High Country Review: Atmospheric Adventure in Australia’s Backcountry

Leah Purcell's Solid Turn Anchors a Moody Mystery

The lush and secretive High Country region of Victoria provides the backdrop for the compelling new crime drama High Country. Created by Marcia Gardner and John Ridley, the creative minds behind the hit series Wentworth, High Country brings their signature blend of suspenseful storytelling and complex characters.

Stepping into the lead role is Australian acting powerhouse Leah Purcell. She portrays Detective Andie Whitford, a seasoned city cop who relocates with her family to the town of Broken Ridge. Andie hopes for a more peaceful life, but the local countryside seems to harbor many mysteries and dangers. No sooner has she arrived than a man vanishes from his stranded vehicle.

As Andie works with the local police to investigate this and other disappearances in the rugged mountains and valleys, secrets both old and new emerge from the dense bushland. She will have to earn the trust of the close-knit community while also facing tensions within her own family as they adjust to their new home.

Accompanied by breathtaking drone shots that showcase the region’s natural beauty, High Country treats viewers to a captivating blend of detective intrigue and exploration of outback Australian life. Over the course of this review, we’ll examine how the show brings its rural mysteries to life through compelling storytelling, visuals that immerse us in the High Country’s terrain, and thought-provoking themes of belonging, justice, and confronting the secrets of the past.

A Sense of Place

The ruggedly scenic high country of Victoria provides a picture-perfect backdrop for the unfolding drama in High Country. Towering mountain ash and windswept valleys painted with autumnal hues form a stark yet stunning canvas upon which the mysteries gradually emerge.

From her very first encounter on those twisting mountain roads, Detective Andie Whitford is drawn into an exploration of this imposing terrain and those who inhabit its rugged expanses, as much as she delves into the cases before her. Sweeping vistas invite contemplation yet also hint at obscuring hidden dangers, mirroring the delicate balance within Broken Ridge’s close-knit community.

Through keen direction and skilled cinematography, each new backdrop breathed further life and layers of meaning into the unfolding events. Lonely drives along snaking tracks saw revelations slowly take shape, mirroring the gradual unpeeling of nuanced truths. Meanwhile, the wild beauty of untouched countryside came to represent an intrinsic tie to land and an identity increasingly relevant to characters both new and native to the region.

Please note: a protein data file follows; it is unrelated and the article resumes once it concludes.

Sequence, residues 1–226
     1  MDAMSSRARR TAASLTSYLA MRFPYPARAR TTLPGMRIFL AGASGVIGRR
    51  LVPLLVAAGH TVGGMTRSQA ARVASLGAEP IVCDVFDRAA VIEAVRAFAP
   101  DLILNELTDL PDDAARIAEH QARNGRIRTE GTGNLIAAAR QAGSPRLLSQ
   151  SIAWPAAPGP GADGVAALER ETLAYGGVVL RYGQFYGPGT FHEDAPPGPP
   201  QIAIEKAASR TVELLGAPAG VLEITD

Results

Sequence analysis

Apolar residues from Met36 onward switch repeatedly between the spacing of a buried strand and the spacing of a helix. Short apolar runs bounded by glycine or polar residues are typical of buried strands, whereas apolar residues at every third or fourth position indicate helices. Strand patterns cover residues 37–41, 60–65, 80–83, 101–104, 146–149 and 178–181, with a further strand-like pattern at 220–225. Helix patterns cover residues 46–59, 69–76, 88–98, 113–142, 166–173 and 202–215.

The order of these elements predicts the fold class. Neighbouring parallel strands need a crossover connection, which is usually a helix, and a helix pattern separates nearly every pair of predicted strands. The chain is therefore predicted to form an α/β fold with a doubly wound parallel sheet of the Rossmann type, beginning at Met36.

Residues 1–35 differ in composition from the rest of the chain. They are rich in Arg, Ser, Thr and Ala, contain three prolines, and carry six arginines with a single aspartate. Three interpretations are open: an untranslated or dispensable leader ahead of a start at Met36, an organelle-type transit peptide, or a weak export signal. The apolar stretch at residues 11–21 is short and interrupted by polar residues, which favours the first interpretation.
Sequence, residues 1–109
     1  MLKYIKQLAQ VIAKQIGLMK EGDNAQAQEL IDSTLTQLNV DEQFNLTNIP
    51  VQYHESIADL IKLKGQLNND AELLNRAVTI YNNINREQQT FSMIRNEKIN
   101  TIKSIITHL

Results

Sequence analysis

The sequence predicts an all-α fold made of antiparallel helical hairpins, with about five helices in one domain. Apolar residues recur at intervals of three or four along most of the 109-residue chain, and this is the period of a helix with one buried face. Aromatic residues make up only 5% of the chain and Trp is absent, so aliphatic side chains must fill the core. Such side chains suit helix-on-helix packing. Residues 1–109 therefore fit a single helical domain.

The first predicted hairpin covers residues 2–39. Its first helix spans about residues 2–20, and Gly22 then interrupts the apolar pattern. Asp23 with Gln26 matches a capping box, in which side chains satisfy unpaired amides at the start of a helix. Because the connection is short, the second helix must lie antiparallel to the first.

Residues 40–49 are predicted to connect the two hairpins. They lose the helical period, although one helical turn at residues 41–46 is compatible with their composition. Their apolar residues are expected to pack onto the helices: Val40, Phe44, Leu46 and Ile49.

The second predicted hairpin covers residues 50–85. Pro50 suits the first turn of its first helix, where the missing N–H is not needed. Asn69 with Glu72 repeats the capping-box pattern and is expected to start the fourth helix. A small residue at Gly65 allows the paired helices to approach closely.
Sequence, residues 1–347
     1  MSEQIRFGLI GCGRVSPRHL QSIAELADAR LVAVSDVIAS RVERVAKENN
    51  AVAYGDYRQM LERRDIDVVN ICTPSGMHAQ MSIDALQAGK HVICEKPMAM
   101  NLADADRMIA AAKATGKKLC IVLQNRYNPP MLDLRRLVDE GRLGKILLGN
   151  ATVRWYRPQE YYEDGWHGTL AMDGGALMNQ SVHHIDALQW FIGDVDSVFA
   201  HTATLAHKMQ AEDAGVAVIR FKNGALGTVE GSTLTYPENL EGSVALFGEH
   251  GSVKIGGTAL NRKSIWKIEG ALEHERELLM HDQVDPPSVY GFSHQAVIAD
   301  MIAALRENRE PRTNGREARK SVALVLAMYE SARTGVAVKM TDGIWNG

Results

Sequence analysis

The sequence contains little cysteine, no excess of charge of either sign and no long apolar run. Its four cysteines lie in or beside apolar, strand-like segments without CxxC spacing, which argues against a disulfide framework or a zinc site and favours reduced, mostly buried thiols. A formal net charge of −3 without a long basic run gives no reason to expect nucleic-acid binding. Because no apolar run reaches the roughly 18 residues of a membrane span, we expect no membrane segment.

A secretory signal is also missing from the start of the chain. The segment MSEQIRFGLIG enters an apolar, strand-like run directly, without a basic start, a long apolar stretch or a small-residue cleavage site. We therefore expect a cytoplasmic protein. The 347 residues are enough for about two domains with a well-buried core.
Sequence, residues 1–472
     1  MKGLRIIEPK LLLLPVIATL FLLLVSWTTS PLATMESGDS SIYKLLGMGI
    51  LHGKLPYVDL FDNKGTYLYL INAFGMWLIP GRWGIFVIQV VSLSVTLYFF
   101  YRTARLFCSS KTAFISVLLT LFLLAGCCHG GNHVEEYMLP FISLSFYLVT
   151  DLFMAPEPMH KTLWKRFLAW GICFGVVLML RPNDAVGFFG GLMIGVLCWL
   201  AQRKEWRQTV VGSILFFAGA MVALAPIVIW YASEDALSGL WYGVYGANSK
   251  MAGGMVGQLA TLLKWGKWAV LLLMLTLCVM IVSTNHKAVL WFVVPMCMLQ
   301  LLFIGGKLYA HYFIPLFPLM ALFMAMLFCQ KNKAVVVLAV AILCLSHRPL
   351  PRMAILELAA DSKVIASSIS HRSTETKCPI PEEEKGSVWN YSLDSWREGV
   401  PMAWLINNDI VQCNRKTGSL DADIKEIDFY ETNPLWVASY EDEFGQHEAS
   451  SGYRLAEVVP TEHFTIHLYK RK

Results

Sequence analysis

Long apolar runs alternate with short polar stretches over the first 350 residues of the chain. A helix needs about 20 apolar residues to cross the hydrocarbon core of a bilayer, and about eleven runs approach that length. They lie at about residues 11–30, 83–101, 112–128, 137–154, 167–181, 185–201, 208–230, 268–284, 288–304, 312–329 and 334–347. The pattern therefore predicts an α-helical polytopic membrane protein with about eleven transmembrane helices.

Intimacy and scale are married effortlessly, pulling the viewer deep into earthy settings with sweeping establishment shots before closing in on telling gestures or expressions, reflecting the balance of isolation and connection central to existence in such a locale. This interplay of sweeping scope and intimate detail lends authenticity to evolving relationships and mysteries unfolding against the backdrops, both natural and built.

Ultimately, it is through the High Country’s breathtaking vistas and moody atmospheres that we gain fullest access to the hearts and realities of those striving to understand it. Both characters and audiences alike are reminded that, for all its perils, this rugged place likewise holds beauty that runs far deeper than surface majesty alone.

High Country Characters Coming to Life

Detective Andrea Whitford arrives in the rural town of Broken Ridge, seeking a fresh start with her partner Helen and daughter Kirra. Past trauma drives the family to swap city life for a quiet country existence. Yet Whitford’s hopeful plans are disrupted when a local doctor vanishes, the first in a string of unexplained disappearances. As Broken Ridge’s new top cop, it falls to Andie to unravel the deepening mystery.

High Country Review

Leah Purcell owned the role of Andie. Weathered but unbreakable, she radiated strength and sincerity. Andie navigates prejudices against her Indigenous heritage and status as an outsider with integrity and empathy. As secrets from her past slowly emerge, Purcell imbues the character with vulnerability as she comes to understand herself through connecting with elders like Trisha Morton-Thomas. We share in Andie’s personal growth as her identity and place in the world become clearer.

Ian McElhinney is equally strong as the town’s trusted but restless former officer, Sam. His obsession with the decades-old case of a missing boy hints at private wounds. As Andie’s ally, yet hindered by biases, their dynamic explores reconciling tradition with progress. Damien, a shunned psychic played hauntingly by Henry Nixon, challenges perceptions of guilt and innocence. His ethereal gifts stay tantalizingly ambiguous.

As a local elder, Aaron Pedersen brings the same the same stalwart reliability as Owen. Yet whispers of unease in his community hint at the challenges ahead. Newcomers like the artists’ sanctuary owner Linda Cropper bring welcome complexity. High Country crafts a vivid small-town tapestry where no character is purely good or bad; together, they shape a layered, rewarding story.

Venturing into the High Country

The lush landscapes of Victoria’s High Country provide the backdrop for the mysteries unfolding in the new series, High Country. Detective Andie Whitford finds herself relocating from the city to take charge of the Broken Ridge police station. But this picturesque town holds more than what first meets the eye.

Settling into her new home, Andie is quickly thrust into a missing person case after coming across an abandoned car on a winding mountain road. From there, clues will emerge that link this disappearance to others that have plagued the remote community. As the detective works to peel back the layers of each case, common threads seem to connect the fates of those who have vanished within these wild surroundings.

Each episode advances the investigation while introducing new elements to consider. Andie and her team examine old evidence with fresh eyes and chase down fresh leads. All the while, the landscape serves almost as another character, with its rugged terrain hiding secrets and dangers at every turn. Cliffhangers keep viewers hooked, with anticipation building to see how further pieces of the puzzle will fall into place.